With that, we've modified the content and the CSS style of an existing DOM node, and added an entirely new node to the document. Our page won't win any design awards, but it illustrates the power and flexibility that JavaScript affords us.

However, while JavaScript affords us lots of power, it creates lots of additional limitations on how and when the page is rendered.

First, notice that in the above example our inline script is near the bottom of the page. Why? Well, you should try it yourself, but if we move the script above the span element, you'll notice that the script fails and complains that it cannot find a reference to any span elements in the document; that is, getElementsByTagName(‘span') returns null. This demonstrates an important property: our script is executed at the exact point where it is inserted in the document. When the HTML parser encounters a script tag, it pauses its process of constructing the DOM and yields control to the JavaScript engine; after the JavaScript engine finishes running, the browser then picks up where it left off and resumes DOM construction.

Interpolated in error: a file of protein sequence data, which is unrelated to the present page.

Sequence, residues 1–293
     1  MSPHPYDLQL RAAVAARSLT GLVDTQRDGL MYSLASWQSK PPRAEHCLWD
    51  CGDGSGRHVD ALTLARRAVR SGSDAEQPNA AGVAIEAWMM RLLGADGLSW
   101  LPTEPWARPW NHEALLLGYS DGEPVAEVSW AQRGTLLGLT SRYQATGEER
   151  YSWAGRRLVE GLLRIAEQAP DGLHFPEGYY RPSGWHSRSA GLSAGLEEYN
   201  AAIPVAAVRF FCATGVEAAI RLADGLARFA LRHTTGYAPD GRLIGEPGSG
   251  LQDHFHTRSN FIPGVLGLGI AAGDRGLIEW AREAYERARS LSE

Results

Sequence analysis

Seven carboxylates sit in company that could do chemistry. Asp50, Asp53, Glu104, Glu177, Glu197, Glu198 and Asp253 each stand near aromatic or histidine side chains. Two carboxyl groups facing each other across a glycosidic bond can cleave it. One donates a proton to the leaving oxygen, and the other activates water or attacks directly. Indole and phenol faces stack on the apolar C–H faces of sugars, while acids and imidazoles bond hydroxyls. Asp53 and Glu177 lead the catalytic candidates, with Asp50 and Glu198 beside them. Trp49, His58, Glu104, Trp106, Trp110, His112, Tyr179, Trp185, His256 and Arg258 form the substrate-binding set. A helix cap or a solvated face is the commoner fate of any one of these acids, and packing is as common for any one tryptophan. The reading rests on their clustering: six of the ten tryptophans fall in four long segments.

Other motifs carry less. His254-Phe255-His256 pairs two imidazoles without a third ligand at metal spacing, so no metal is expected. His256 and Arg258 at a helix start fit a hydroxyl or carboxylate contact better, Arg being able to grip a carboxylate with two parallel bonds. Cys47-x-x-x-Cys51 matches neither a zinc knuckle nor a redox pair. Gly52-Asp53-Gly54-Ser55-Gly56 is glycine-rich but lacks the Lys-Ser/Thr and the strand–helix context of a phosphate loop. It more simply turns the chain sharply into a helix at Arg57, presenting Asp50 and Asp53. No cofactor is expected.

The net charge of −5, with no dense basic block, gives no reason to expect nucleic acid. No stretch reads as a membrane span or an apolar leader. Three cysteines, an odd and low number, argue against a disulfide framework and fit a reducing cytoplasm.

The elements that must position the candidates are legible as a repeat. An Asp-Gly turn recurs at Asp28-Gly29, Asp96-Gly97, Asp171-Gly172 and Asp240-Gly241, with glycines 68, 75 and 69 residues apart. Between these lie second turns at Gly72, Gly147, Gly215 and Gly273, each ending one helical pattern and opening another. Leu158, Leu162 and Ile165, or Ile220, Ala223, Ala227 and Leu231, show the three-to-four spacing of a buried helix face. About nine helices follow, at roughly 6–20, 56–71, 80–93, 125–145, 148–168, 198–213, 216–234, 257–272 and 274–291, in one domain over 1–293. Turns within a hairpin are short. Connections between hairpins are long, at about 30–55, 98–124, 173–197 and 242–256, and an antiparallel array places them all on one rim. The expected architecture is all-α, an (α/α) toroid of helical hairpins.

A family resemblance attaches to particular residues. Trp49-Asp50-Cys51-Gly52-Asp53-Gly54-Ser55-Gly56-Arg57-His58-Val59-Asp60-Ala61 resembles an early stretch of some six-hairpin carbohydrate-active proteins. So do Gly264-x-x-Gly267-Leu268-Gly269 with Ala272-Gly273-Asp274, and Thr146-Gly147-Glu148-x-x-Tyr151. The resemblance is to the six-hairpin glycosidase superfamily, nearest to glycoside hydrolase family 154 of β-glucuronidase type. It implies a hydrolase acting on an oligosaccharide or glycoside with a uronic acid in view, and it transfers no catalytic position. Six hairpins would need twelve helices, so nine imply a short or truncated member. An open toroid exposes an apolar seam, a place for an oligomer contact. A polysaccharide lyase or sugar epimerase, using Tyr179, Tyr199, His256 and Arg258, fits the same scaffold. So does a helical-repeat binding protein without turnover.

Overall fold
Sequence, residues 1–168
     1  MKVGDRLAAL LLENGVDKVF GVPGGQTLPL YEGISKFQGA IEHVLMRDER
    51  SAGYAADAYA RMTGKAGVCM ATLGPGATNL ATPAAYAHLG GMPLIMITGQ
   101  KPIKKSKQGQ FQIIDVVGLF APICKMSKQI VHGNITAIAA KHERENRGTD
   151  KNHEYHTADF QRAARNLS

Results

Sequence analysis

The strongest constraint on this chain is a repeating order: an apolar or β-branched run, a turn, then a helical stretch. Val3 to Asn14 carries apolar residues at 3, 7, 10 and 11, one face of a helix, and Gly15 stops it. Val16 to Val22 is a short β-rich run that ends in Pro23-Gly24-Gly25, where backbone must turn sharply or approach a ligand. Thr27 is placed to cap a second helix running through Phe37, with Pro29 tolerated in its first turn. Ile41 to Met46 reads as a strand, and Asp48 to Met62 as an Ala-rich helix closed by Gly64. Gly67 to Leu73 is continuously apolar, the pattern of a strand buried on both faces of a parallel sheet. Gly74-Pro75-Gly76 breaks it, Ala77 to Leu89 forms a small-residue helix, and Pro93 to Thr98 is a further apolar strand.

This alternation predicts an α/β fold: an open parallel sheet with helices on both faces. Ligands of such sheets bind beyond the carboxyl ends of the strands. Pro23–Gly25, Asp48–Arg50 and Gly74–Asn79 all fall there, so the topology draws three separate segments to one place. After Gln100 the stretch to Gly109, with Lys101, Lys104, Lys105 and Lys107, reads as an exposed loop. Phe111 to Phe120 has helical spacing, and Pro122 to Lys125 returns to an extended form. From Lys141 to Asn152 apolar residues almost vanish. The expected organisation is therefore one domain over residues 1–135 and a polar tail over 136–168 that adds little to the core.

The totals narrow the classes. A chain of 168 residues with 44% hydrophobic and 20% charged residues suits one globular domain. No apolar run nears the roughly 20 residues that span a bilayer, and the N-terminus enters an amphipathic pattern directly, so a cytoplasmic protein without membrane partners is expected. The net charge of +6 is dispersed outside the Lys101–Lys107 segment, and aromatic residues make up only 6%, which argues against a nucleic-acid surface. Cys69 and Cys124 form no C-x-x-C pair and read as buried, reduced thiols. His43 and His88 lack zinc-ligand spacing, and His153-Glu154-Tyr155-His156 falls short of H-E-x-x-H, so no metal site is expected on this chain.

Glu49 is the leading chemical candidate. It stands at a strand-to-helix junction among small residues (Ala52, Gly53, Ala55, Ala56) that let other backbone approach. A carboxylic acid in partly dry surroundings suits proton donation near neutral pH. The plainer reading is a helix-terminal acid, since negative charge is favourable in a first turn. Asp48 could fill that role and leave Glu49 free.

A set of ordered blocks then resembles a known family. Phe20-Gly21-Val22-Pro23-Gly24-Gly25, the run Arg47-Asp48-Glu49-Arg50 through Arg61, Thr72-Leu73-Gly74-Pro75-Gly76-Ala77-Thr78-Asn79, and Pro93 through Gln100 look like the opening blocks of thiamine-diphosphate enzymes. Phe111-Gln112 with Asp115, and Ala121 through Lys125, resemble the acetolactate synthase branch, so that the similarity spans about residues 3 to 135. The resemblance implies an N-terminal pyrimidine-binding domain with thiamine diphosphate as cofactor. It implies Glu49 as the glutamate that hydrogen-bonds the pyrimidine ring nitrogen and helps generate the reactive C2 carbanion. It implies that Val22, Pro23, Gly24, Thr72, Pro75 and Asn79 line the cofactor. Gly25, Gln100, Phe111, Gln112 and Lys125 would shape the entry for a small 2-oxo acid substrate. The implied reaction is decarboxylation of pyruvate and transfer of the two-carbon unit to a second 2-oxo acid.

In other words, our script block can't find any elements later in the page because they haven't been processed yet! Or, put slightly differently: executing our inline script blocks DOM construction, which also delays the initial render.

Another subtle property of introducing scripts into our page is that they can read and modify not just the DOM, but also the CSSOM properties. In fact, that's exactly what we're doing in our example when we change the display property of the span element from none to inline. The end result? We now have a race condition.

What if the browser hasn't finished downloading and building the CSSOM when we want to run our script? The answer is simple and not very good for performance: the browser delays script execution and DOM construction until it has finished downloading and constructing the CSSOM.

In short, JavaScript introduces a lot of new dependencies between the DOM, the CSSOM, and JavaScript execution. This can cause the browser significant delays in processing and rendering the page on the screen:

  • The location of the script in the document is significant.
  • When the browser encounters a script tag, DOM construction pauses until the script finishes executing.
  • JavaScript can query and modify the DOM and the CSSOM.
  • JavaScript execution pauses until the CSSOM is ready.

To a large degree, "optimizing the critical rendering path" refers to understanding and optimizing the dependency graph between HTML, CSS, and JavaScript.

Parser blocking versus asynchronous JavaScript